DENNIS SCHWARTZ 
IS THERE ANY GOOD 
IN SAYING 
EVERYTHING ABOUT A MOVIE?

 
TOWN, THE (director/writer: Ben Affleck; screenwriters: Peter Craig/Aaron Stockard/based on the novel “Prince of Thieves” by Chuck Hogan; cinematographer: Robert Elswit; editor: Dylan Tichenor; music: Harry Gregson-Williams/David Buckley; cast: Ben Affleck (Doug MacRay), Rebecca Hall (Claire Keesey), Jon Hamm (Adam Frawley), Jeremy Renner (James Coughlin), Blake Lively (Krista Coughlin), Slaine (Gloansy Magloan), Owen Burke (Desmond Elden), Titus Welliver (Dino Ciampa), Pete Postlethwaite (Fergie Colm), Dennis McLaughlin (Rusty), Chris Cooper (Stephen MacRay); Runtime: 125; MPAA Rating: R; producer: Graham King; Warner Brothers; 2010)

 
"Solid but superficial and troubling amoral action-packed crime thriller."

Reviewed by Dennis Schwartz 

Ben Affleck ("Gone Baby Gone") stars in, cowrites and directs this solid but superficial and troubling amoral action-packed crime thriller that follows to the letter the conventions of those recent TV crime shows like “CSI: Miami” and  “CSI: New York.” The 'crime does pay' ending and the beastly unreal romance between a confused woman and the supposedly 'reformed by love' now sensitive thug who abused her seemed to be a Hollywood reach, especially since this same violent criminal treats the druggie woman (Blake Lively) who had his baby like dirt.

It's based on the novel “Prince of Thieves” by Chuck Hogan, winner of the 2005 Hammett Prize for excellence in crime writing. The title refers to Boston’s working-class Charlestown neighborhood which – according to the film’s prologue – has the most carjackers and bank robbers in the United States. Writers Peter Craig and Aaron Stockard capture the local flavor of the newcomer yuppie (gentrifying outsiders) and old-timer 'townie' blue-collar Charlestown community. It tells of four lifelong criminal friends--Doug MacRay (Ben Affleck), James 'Jem" Coughlin (Jeremy Renner), Gloansy Magloan (Slaine) and Desmond Elden (Owen Burke)-- who are are bank robbers armed with automatic weapons and are being hunted by the persistent FBI agent Adam Frawley (Jon Hamm).

Doug MacRay is the brains of the ruthless gang. The lad's bank robbing father (Chris Cooper) is now serving a life term in prison. When Doug was 6 his mom disappeared, and he was raised by Jem's parents. During the robbery of a local bank Jem, the brother of Doug's girlfriend and a volatile thug just out of prison after serving a nine-year stretch for manslaughter, takes the young female bank manager, Claire Keesey (Rebecca Hall, British actress), of a Cambridge bank, hostage as a bargaining chip when cops arrive at the scene after the alarm sounds and releases her unharmed but emotionally distraught after taking her for a scary ride blindfolded. This kidnapping act brings FBI agents Frawley and Dino Ciampa (Titus Welliver) into the case, who question Claire and make her even more frightened by the cold way they question her.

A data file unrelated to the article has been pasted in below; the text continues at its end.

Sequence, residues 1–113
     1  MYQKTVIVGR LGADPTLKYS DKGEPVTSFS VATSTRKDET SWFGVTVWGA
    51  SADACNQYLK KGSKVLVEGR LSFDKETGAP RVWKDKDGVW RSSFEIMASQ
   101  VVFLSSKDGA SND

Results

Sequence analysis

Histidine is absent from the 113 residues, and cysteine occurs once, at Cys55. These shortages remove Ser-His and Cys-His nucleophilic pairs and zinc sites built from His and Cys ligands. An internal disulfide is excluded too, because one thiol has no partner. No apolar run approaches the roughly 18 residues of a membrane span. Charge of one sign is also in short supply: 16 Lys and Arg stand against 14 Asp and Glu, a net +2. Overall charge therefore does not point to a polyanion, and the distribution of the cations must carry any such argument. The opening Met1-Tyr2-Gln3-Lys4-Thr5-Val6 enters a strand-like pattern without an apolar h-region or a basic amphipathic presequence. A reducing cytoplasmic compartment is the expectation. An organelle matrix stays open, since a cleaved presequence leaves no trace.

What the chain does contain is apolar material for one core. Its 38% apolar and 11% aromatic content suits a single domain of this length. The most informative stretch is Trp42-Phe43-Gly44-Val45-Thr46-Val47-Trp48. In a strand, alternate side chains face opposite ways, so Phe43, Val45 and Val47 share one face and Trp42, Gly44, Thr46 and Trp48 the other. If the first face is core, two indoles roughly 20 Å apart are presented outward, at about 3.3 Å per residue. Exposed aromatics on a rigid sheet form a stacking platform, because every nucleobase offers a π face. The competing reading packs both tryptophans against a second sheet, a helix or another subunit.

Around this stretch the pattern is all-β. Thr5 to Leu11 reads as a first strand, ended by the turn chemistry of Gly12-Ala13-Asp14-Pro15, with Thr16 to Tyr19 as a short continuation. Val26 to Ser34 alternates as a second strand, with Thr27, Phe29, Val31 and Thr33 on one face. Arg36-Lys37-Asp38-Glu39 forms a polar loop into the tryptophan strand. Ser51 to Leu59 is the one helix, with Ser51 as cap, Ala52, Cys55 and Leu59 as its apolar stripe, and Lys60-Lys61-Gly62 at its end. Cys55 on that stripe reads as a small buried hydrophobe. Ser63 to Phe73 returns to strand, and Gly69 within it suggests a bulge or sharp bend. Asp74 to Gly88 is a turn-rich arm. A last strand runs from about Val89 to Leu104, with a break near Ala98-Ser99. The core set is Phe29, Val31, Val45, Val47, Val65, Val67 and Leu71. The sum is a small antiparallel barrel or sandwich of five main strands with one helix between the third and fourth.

When the gang discover that Claire lives in their Charlestown neighborhood, to make sure she won't talk Doug keeps tabs on her and manages to pickup the vulnerable single woman at the local laundrymat. She quickly falls for the thuggish tattooed hunky Doug, who passes himself off as a simple construction worker. While Claire and Doug begin a real romantic relationship, the gang's vicious boss Fergie Colm (Pete Postlethwaite), who runs a flower shop and was also the crime boss of Doug's father, orders the boys to rob the concession stand haul at Fenway Park after a Red Sox game.

The action scenes are very well done and the acting is fine, but the film is hollow and forgettable. It also left a sour taste in my mouth because it lacked emotional credibility and had a questionable moral value.

REVIEWED ON 9/19/2010       GRADE: B-

Dennis Schwartz: "Ozus' World Movie Reviews"

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